HRC has also reached out to the corporate sponsors of the International Olympic Committee, the IOC, urging them to “act now to … halt the rising tide of discrimination, harassment and threats against lesbian, gay, bisexual and transgender (LGBT) people.” HRC President Chad Griffin called on sponsors such as Coca-Cola, GE and McDonalds to denounce the violence against the LGBT community in Russia, use their marketing resources to build awareness of LGBT equality and urge the IOC to reject future bids from countries that have laws restricting the freedom of LGBT citizens and their supporters.
U.S. Olympic Committee sponsors are also speaking out, with AT&T condemning the Russian law Wednesday in a blog post. In response to HRC’s open letter to IOC sponsors, the telecommunications giant said that they “support HRC’s principles and … stand against Russia’s anti-LGBT law.” AT&T is not an IOC sponsor.
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Adjunct professors now make up half of all college faculties, and 76 percent of instructional positions are filled on a contingent basis, according to the American Association of University Professors’ annual report on the “economic status of the profession.” There’s no starker way to consider adjuncts’ economic status than to hear that they’re paid an average of $2,000-$3,000 per class, with few to no benefits. At SUNY New Paltz, for example, between 1979 and 2008, adjunct pay has fallen 49 percent, while salaries for college presidents have increased 35 percent. The plight of adjuncts — what we’re calling “adjunctivitis” — is the subject on our upcoming Making Sense report, slated to air on the NewsHour Wednesday.
One of the adjuncts in the broadcast segment is Arik Greenberg, who teaches theology at Loyola Marymount University. He’s been active in the movement to unionize adjuncts, and, at the invitation of the Service Employees International Union and the New Faculty Majority Foundation, recently took his case to the Rayburn building in Washington, DC, where he briefed congressional staffers on the working conditions of these part-time faculty. We wanted to share some adjuncts’ more personal struggles with our readers, and Greenberg was willing to adapt his testimony for the Making Sense page.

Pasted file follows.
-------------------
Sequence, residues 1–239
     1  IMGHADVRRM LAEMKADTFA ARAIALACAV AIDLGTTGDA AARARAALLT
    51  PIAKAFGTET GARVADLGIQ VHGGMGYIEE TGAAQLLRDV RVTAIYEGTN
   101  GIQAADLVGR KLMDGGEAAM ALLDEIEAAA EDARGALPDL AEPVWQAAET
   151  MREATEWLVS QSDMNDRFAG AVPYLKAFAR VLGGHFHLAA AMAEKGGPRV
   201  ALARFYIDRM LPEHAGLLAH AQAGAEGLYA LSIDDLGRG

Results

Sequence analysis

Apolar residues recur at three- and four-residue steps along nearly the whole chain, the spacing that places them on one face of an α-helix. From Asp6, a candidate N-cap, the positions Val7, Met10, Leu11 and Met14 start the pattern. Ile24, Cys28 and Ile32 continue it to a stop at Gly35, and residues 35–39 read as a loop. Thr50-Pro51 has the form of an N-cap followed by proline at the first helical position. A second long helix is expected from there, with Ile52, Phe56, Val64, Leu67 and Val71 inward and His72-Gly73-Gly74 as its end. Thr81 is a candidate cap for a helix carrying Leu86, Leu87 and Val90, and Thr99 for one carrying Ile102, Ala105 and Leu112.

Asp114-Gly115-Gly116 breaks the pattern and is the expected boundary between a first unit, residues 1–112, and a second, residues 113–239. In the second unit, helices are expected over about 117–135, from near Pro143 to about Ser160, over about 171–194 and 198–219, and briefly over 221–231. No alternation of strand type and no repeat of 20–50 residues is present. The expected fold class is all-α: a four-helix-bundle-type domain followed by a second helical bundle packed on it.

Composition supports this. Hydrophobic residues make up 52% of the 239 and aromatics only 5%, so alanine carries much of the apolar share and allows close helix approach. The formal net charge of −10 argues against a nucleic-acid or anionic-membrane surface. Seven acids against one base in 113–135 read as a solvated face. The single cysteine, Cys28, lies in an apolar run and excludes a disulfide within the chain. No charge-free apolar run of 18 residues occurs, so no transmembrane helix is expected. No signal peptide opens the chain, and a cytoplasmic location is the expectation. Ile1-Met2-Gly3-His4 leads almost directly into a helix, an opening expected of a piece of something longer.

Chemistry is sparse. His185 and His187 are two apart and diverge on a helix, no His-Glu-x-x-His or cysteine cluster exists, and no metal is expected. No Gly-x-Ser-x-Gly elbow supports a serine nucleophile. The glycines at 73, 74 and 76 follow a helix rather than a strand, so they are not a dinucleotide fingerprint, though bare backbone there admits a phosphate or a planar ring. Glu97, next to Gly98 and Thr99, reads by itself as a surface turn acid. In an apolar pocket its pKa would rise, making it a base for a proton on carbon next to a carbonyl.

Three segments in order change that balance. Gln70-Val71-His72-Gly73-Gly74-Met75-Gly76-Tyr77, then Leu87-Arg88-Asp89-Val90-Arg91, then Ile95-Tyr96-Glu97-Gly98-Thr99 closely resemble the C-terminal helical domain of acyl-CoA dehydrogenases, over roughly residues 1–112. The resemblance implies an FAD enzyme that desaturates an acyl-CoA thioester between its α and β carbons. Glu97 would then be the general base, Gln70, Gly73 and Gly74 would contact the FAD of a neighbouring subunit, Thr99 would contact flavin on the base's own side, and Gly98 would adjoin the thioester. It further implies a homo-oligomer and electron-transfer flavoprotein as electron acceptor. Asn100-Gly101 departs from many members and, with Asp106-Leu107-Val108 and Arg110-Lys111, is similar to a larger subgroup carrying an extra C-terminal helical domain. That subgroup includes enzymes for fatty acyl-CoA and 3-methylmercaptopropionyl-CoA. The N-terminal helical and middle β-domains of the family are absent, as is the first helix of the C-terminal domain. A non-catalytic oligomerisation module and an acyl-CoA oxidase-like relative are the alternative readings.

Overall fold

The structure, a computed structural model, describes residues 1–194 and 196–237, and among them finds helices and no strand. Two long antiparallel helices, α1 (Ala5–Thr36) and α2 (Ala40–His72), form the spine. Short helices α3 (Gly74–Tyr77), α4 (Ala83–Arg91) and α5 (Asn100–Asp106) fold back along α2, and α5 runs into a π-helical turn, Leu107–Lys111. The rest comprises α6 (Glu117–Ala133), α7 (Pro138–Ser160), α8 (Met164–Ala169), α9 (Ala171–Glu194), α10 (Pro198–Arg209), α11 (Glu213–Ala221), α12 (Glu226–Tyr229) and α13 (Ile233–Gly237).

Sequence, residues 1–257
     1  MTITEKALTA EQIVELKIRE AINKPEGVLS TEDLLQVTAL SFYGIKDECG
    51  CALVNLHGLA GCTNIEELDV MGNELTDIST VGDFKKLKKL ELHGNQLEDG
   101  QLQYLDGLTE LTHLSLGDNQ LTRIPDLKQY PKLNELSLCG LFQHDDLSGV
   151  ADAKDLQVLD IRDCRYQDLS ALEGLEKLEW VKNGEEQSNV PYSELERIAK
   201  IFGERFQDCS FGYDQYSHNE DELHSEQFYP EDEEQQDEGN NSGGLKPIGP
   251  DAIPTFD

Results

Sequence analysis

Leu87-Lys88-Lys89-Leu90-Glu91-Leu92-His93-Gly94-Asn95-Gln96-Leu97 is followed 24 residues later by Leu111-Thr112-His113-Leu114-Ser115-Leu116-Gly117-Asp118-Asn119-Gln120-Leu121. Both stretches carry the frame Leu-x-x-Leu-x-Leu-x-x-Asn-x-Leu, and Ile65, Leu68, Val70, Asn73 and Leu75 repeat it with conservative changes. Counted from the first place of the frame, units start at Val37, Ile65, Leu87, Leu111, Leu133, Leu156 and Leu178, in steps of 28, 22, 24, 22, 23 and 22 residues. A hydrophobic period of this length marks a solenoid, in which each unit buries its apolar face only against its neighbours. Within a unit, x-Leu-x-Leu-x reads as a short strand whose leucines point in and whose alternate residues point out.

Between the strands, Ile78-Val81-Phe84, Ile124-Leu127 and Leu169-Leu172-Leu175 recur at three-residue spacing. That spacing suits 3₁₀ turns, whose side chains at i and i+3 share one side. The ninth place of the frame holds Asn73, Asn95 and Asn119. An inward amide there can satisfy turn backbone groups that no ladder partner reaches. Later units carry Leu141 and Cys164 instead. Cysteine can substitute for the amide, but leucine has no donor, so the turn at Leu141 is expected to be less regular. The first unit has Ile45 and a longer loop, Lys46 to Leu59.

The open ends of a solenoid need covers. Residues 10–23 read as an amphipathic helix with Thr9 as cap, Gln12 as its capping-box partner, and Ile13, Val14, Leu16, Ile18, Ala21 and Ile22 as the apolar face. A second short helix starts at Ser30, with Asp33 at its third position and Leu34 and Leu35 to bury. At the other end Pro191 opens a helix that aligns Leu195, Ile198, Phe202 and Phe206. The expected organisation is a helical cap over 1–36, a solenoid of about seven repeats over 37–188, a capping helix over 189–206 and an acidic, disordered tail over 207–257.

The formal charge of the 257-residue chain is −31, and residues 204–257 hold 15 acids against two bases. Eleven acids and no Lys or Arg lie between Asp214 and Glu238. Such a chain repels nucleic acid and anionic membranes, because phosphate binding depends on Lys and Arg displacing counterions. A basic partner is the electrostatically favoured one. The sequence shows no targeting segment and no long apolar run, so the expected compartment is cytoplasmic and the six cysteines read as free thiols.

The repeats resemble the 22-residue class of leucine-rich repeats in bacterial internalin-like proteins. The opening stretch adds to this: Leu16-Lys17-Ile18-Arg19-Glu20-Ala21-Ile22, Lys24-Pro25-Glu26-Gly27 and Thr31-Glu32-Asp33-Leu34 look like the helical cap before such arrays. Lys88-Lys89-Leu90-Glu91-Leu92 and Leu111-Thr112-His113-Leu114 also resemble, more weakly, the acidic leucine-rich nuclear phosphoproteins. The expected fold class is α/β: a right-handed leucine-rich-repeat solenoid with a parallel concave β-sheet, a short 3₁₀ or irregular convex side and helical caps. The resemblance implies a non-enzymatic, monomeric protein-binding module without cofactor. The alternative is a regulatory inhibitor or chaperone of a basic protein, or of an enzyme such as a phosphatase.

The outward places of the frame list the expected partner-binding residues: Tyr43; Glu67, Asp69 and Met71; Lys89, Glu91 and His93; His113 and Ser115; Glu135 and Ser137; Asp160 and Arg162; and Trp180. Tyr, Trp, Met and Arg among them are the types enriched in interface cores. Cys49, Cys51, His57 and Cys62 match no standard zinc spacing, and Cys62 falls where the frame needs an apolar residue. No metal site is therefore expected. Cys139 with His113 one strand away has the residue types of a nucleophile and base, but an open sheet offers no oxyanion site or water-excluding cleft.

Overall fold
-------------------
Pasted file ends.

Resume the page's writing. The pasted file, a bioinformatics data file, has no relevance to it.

Arik Greenberg: I am an adjunct professor of theology at Loyola Marymount University, a major, private U.S. university. I have worked there for over 11 years, teaching consistently almost every semester. Despite the fact that I have the same credentials as my tenured colleagues, there is no opportunity for advancement. There are no full-time tenure-line positions that have opened or been established in my particular discipline at LMU for many years. However, they always seem to have more than enough classes that need to be taught in those very same disciplines, so they hire numerous part-timers to teach them.
As adjunct faculty members, we receive no benefits of any sort. I have never received a merit-based raise or a “promotion” (whatever that is), only the occasional cost-of-living adjustments that everyone else at LMU receives every few years. I have no job security, no assurance of academic freedom, no dedicated office space other than a small designated room that I share with four to five other adjuncts. I am also institutionally ineligible for the grants and professional development monies that tenure-line faculty have access to.
Working numerous jobs, some in the classroom and some in other segments of higher education, such as consulting and low level administrative work for small startup colleges, I have no time to contribute to research and publication in my chosen field. While I have done my best to publish, that part of my dossier is underdeveloped compared to others who hold tenure-line jobs. Their positions allow them to devote time to this; they are paid to do so. But when I should be researching and writing, I have to drive to another job. It has been this way with me for years. So even if a tenure-line job were to arise that I am eligible for, that gap in my dossier would hold me back, even though I have over a decade of highly successful teaching experience.
And even though I give my all to my teaching, my ability to grade and prepare for classes in a timely manner is hindered by the fact that I have to rush to another job. I could be offering more office hours or spending more time developing more effective courses and teaching methods.